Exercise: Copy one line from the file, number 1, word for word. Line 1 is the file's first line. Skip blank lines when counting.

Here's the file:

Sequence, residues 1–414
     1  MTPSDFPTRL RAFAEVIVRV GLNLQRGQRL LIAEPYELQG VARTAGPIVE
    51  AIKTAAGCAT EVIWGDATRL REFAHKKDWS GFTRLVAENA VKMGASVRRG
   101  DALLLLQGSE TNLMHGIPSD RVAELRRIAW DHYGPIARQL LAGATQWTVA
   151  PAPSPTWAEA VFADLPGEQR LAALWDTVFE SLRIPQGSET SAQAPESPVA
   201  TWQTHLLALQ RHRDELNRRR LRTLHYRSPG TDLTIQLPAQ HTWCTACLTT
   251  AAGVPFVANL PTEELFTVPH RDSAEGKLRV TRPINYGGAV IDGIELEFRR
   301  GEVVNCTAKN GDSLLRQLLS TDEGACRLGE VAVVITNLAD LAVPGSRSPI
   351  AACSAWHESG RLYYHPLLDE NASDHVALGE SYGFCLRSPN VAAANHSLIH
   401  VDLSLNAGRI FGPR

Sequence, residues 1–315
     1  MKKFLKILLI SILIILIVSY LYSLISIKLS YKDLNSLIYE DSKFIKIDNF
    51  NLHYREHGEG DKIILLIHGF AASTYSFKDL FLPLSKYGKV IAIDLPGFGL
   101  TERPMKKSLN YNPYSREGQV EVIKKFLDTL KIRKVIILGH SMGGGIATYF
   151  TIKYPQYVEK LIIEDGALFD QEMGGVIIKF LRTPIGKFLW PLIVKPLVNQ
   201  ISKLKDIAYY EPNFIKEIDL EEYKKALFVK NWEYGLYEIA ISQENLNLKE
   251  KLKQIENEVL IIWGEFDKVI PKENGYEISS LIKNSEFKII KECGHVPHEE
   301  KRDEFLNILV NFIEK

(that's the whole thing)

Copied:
Sequence, residues 1–414